What’s the Big Deal at the Border?

What’s the Big Deal at the Border?

Over the last year and a half, I studied the causes of the Texas Revolution to engage the Left’s attack on the heroes of the Alamo. My search was exhausting and took me to many places so that I could see for myself why the “First Texans” (anyone in Texas prior to the Battle of San Jacinto) chose war over peace. What did I find out?

First, unlike the American Civil War, slavery played no part in the Texas Revolution as the Left would have us believe. April 21, 1836 (San Jacinto Day) serves as a clear demarcation in Texas history. Prior to that date, slavery was not legal in Texas. Indentured servitude was legal under Mexican law. Many First Texans were in North America because they or their family ancestors came to America as indentured servants. It has to be noted that after Santa Anna’s defeat, slavery did immediately become a factor in the settlement of Texas: but not before.

Second, people make a fundamental error when examining the “Constitution of 1824.” The error they make is reading the document in the light of the United States Constitution of 1787. The Mexican constitution was not that kind of instrument. Mexico received independence from Spain in 1821 and was a new country itself. The Constitution of 1824 awarded Mexican states levels of autonomy based on their distance from Mexico City. A state far from the capital enjoyed more autonomy than those closer. Tejas was a state in Mexico, but it was under the state government of Coahuila due to its sparse population. The 1824 document did not address slavery because slavery was illegal in Mexico. Similarly, there is nothing in the US Constitution that prohibits murder because murder is illegal in all states. Leftist commentators make the logical, but false, assumption that because slavery was not mentioned in the 1824 text, the document was pro-slavery.

Third, Mexico was in a state of civil war. There were five states in rebellion – not just Texas. The primary cause of the Mexican Civil War was states’ and property rights. Santa Anna was initially on the side of the people and fought for local autonomy, but he switched sides when he saw the Church and the Army had power ($$) over the people. He was an opportunist of the highest order. What would you do if the national government voided your land titles that had been previously granted by your state?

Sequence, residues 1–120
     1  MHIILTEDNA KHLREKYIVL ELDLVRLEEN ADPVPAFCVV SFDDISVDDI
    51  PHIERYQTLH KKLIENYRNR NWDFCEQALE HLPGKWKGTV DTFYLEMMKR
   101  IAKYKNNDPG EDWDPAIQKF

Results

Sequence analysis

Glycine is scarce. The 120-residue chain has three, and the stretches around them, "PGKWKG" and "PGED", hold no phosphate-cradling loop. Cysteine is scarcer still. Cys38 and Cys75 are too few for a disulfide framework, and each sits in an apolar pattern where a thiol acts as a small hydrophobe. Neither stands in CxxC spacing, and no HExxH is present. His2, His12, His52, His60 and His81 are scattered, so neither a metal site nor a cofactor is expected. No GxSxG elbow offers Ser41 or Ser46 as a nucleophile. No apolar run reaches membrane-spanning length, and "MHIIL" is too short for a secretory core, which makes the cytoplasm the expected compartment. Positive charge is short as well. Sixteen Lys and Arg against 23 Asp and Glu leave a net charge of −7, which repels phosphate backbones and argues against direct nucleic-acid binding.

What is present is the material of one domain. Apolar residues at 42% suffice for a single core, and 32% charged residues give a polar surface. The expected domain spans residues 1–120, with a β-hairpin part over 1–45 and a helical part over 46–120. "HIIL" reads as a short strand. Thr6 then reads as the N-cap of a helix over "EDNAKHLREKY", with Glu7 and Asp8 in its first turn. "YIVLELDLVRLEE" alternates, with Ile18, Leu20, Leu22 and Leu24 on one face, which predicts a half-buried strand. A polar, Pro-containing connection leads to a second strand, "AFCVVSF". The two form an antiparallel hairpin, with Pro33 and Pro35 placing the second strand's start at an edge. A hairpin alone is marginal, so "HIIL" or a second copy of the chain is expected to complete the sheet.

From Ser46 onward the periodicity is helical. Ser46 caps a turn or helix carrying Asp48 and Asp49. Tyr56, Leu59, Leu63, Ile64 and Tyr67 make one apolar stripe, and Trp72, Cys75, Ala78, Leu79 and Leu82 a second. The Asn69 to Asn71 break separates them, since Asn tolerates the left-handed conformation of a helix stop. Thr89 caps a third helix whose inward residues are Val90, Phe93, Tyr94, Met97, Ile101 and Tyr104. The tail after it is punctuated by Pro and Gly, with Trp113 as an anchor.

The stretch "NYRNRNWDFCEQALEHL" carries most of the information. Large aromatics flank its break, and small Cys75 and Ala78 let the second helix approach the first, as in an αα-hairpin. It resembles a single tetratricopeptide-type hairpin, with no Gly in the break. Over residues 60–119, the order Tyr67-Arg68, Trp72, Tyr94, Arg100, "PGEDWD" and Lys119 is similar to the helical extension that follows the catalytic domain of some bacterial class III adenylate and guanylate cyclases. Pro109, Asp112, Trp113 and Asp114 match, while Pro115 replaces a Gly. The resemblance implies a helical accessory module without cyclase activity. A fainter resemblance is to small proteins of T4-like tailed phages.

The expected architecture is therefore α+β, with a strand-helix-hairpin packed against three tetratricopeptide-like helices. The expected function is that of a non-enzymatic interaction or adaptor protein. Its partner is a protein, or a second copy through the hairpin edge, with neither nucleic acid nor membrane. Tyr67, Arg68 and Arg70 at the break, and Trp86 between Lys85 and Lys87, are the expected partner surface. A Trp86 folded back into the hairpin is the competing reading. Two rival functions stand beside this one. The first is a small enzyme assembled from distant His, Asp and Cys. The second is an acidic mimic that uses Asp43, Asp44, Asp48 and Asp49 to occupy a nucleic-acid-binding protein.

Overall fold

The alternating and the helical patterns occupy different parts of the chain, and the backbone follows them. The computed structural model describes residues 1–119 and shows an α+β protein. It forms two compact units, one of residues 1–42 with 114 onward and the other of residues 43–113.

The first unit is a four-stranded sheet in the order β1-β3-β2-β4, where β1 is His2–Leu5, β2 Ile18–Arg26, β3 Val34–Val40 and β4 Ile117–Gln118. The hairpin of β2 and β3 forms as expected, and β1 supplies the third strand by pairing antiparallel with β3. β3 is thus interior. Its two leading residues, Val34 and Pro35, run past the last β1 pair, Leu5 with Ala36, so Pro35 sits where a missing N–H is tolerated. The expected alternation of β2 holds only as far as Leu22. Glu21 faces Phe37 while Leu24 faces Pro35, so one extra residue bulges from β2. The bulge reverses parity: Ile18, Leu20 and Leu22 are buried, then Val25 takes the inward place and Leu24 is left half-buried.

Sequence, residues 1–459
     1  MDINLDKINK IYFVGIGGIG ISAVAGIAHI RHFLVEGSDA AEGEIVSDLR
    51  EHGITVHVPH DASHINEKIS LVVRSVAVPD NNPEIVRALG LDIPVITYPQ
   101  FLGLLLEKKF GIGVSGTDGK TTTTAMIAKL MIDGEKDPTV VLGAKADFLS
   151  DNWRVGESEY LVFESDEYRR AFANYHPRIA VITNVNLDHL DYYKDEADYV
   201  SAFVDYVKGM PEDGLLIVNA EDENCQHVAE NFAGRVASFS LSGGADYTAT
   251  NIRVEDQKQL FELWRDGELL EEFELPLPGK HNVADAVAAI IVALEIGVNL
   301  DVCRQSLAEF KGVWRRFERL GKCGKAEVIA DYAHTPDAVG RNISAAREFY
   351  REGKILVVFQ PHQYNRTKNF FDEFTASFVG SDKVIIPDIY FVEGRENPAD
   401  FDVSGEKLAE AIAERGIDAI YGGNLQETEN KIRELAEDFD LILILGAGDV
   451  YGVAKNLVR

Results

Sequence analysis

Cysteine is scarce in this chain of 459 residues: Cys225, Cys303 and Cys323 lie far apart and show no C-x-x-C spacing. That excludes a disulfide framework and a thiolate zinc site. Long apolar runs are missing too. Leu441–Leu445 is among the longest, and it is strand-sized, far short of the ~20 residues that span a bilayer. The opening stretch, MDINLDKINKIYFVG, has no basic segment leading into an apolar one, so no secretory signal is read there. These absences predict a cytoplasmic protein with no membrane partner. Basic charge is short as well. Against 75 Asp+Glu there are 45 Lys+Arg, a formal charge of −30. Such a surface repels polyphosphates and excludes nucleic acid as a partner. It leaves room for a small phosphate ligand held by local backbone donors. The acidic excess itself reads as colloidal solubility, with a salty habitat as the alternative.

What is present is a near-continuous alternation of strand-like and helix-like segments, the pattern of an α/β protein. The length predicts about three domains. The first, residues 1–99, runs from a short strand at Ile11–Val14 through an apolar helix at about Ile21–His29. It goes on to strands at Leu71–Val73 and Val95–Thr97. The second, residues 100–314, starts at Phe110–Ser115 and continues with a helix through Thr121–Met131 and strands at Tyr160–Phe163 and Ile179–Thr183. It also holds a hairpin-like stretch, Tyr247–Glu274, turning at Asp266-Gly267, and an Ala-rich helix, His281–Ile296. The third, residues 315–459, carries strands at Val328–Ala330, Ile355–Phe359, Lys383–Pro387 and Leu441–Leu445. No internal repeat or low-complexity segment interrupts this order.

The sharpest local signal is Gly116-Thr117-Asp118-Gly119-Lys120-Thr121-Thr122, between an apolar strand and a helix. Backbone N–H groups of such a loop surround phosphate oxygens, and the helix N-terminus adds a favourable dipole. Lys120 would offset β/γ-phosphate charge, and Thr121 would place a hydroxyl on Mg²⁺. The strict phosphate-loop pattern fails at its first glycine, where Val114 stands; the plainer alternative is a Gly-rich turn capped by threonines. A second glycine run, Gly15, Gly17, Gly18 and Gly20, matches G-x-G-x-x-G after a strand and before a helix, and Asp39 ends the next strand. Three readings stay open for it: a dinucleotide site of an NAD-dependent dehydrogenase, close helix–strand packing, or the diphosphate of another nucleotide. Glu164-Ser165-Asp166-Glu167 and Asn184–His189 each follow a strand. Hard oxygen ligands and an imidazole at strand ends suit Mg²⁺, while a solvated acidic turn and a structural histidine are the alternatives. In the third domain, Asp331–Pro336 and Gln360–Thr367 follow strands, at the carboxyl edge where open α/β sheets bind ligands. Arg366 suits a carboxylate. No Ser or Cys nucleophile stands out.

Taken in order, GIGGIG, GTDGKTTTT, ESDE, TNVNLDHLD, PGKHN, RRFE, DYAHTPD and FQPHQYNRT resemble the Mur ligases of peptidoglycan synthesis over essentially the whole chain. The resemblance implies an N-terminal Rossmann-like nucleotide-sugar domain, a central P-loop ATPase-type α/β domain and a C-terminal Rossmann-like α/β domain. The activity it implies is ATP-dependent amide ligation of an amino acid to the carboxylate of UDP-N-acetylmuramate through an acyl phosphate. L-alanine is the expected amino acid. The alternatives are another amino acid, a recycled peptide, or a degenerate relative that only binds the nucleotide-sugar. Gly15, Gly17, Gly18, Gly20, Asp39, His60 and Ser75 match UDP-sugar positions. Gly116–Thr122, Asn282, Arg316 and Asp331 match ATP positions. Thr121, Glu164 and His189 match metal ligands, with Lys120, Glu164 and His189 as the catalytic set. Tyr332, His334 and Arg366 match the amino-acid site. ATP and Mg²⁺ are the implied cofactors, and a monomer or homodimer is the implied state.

Fourth, Texas did not declare independence from Mexico until the Alamo was under siege. Texans hoped to remain under Mexican control until the siege. Their problem was that the state was under the control of another state. That was why Stephen F. Austin walked to Mexico City. He tried to negotiate that sticking point with the federal government, but he was thrown in a dungeon for his efforts.

Finally, the overarching cause of the Texas Revolution was actually quite simple. The Mexican Government was corrupt. This was a holdover from Spanish colonialism. Spain administered its colonies very different from the way Britain did. President Andrew Jackson was in negotiations to purchase the American southwest from Mexico. The Mexicans strung him along. The snag was the Mexican negotiators wanted to know what was in it for them and other Mexican officials personally. Jackson would not play that game. Mexican officials were corrupt at every opportunity. One Texas sea captain (Andrew Briscoe) got fed up with paying bribes at every port and loaded his ship with worthless ballast stones as an answer to bribery demands. He was charged with “insolence.” His attorney, William Barret Travis, was charged with being an “ungrateful and bad citizen.” American born settlers who could read and write believed they could govern themselves honestly without Mexican corruption. That was the real cause of the Revolution. As Travis said when judicial bribes had to be paid to get Austin out of the dungeon, “A corrupt government is worse than no government at all.”

Migrants seeking asylum in the U.S. walk in the Rio Grande river near the International Bridge between Mexico and the U.S. as they wait to be processed, in Del Rio, Texas, U.S., September 16, 2021. According to officials, some migrants cross back and forth into Mexico to buy food and supplies. REUTERS/Go Nakamura

Today, one can go to the Rio Grande and look south. As one looks south all the way to Antarctica, Spanish colonialism and its offspring, governmental corruption, can be seen choking its citizens. Mexico and the countries south of it have the same natural resources as America does. They have the basic requirements for prosperity. Rather than rise up and fight for honest government, the people go North and enter America illegally. If you want to see what caused the Texas Revolution, all you have to do is look at our southern border. The difference is that the First Texans didn’t run away.

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